Dr Yen Lim

Diabetic Man on Patrol with ADI
DoctorDr Li Yen Lim
LocationKavieng New Ireland Province, New Ireland
DateMay 2018 - November 2018
Read MoreYen's Blog

Dr Yen Lim is currently on patrol with ADI in New Ireland in PNG. She originally moved from Malaysia to the UK to study medicine. She relocated to Blacktown (Sydney) in 2013 where she currently works as a GP, when not on patrol in PNG with ADI.

“Moving to Sydney was a steep learning curve initially but managing patients with chronic disease in my area of social deprivation in Blacktown was not dissimilar to the work I had been doing in the UK. I get great satisfaction from dealing with patients from a wide variety of backgrounds and ethnicities with a particular clinical focus on women’s health, antenatal care and paediatrics.

“So far, my work on patrol in PNG has been, by and large, the same as my time as GP in both Sydney and the UK – diabetes is an upcoming problem and muscle aches and pains from overwork a common presentation. The difference is I am also seeing cases of malaria, TB and tropical skin infections. The local health officers we work alongside will support you really well if you ask nicely (and smile a lot). The potential for learning from them is huge if you have the right attitude, and this goes both ways.

“Managing resources available to you, on the other hand, is a different beast. On one patrol, I saw an older diabetic gentleman who had run out of his diabetic tablets over a week ago. He was at risk of being severely unwell and was feeling awful. The health centre had no diabetic tablets and could only support him with IV fluids. The logistical discussion on transferring him to Kavieng hospital then ensued. Ironically, as I was looking through the outpatient tray of tablets while this discussion was taking place, I found a bottle of Dianil 5mg for diabetes. Further training is needed here to help local health officers manage resources for the future. I suspect that with life being so tough in PNG, living for today is the cultural norm.”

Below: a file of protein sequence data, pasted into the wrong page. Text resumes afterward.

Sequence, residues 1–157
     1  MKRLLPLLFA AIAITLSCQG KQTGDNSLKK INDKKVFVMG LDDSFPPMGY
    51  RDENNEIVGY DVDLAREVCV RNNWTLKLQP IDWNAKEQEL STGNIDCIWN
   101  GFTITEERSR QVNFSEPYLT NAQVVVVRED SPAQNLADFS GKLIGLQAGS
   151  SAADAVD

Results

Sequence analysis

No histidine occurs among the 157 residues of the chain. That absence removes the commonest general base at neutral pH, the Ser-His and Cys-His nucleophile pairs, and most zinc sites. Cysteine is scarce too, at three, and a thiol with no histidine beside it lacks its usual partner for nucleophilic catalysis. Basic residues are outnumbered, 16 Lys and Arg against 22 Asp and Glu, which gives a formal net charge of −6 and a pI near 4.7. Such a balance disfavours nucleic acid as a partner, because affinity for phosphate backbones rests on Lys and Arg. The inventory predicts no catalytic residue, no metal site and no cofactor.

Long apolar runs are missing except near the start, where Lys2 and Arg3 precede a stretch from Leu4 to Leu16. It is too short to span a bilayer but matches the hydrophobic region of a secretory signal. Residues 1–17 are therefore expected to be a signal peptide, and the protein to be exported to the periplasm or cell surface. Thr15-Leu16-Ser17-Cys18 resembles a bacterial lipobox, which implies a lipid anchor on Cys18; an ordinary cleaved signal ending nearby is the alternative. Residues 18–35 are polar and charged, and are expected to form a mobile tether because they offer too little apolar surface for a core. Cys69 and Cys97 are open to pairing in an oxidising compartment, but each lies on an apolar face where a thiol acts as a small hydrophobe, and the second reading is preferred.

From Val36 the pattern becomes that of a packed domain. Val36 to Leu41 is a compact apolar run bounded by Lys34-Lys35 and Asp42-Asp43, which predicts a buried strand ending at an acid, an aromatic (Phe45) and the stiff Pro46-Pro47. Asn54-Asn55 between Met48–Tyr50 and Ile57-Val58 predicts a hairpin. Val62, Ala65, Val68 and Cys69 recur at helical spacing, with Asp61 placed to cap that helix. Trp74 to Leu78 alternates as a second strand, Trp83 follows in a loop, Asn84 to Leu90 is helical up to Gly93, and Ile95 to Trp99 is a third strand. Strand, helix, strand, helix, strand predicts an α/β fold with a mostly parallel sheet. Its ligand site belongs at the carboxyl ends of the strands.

Dr Yen Lim is currently on patrol with ADI in Western Province of PNG. She originally moved from Malaysia to the UK to study medicine. She relocated to Blacktown (Sydney) in 2013 where she currently works as a GP, when not on patrol in PNG with ADI.

“Moving to Sydney was a steep learning curve initially but managing patients with chronic disease in my area of social deprivation in Blacktown was not dissimilar to the work I had been doing in the UK. I get great satisfaction from dealing with patients from a wide variety of backgrounds and ethnicities with a particular clinical focus on women’s health, antenatal care and paediatrics.

“So far, my work on patrol in PNG has been, by and large, the same as my time as GP in both Sydney and the UK – diabetes is an upcoming problem and muscle aches and pains from overwork a common presentation. The difference is I am also seeing cases of malaria, TB and tropical skin infections. The local health officers we work alongside will support you really well if you ask nicely (and smile a lot). The potential for learning from them is huge if you have the right attitude, and this goes both ways.

“Managing resources available to you, on the other hand, is a different beast. On one patrol, I saw an older diabetic gentleman who had run out of his diabetic tablets over a week ago. He was at risk of being severely unwell and was feeling awful. The health centre had no diabetic tablets and could only support him with IV fluids. The logistical discussion on transferring him to Kavieng hospital then ensued. Ironically, as I was looking through the outpatient tray of tablets while this discussion was taking place, I found a bottle of Dianil 5mg for diabetes. Further training is needed here to help local health officers manage resources for the future. I suspect that with life being so tough in PNG, living for today is the cultural norm.”